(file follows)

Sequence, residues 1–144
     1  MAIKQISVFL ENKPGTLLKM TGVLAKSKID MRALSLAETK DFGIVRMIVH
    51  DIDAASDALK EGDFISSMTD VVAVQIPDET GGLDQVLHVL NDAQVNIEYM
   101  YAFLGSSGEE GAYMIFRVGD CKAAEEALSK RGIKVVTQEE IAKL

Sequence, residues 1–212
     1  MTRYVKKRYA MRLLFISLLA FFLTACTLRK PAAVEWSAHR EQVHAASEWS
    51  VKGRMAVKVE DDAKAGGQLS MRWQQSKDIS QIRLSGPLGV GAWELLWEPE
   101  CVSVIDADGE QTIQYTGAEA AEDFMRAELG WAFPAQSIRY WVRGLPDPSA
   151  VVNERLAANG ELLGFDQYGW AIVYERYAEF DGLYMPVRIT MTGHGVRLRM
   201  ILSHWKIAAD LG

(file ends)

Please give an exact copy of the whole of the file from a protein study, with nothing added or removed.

Sequence, residues 1–144
     1  MAIKQISVFL ENKPGTLLKM TGVLAKSKID MRALSLAETK DFGIVRMIVH
    51  DIDAASDALK EGDFISSMTD VVAVQIPDET GGLDQVLHVL NDAQVNIEYM
   101  YAFLGSSGEE GAYMIFRVGD CKAAEEALSK RGIKVVTQEE IAKL

Sequence, residues 1–212
     1  MTRYVKKRYA MRLLFISLLA FFLTACTLRK PAAVEWSAHR EQVHAASEWS
    51  VKGRMAVKVE DDAKAGGQLS MRWQQSKDIS QIRLSGPLGV GAWELLWEPE
   101  CVSVIDADGE QTIQYTGAEA AEDFMRAELG WAFPAQSIRY WVRGLPDPSA
   151  VVNERLAANG ELLGFDQYGW AIVYERYAEF DGLYMPVRIT MTGHGVRLRM
   201  ILSHWKIAAD LG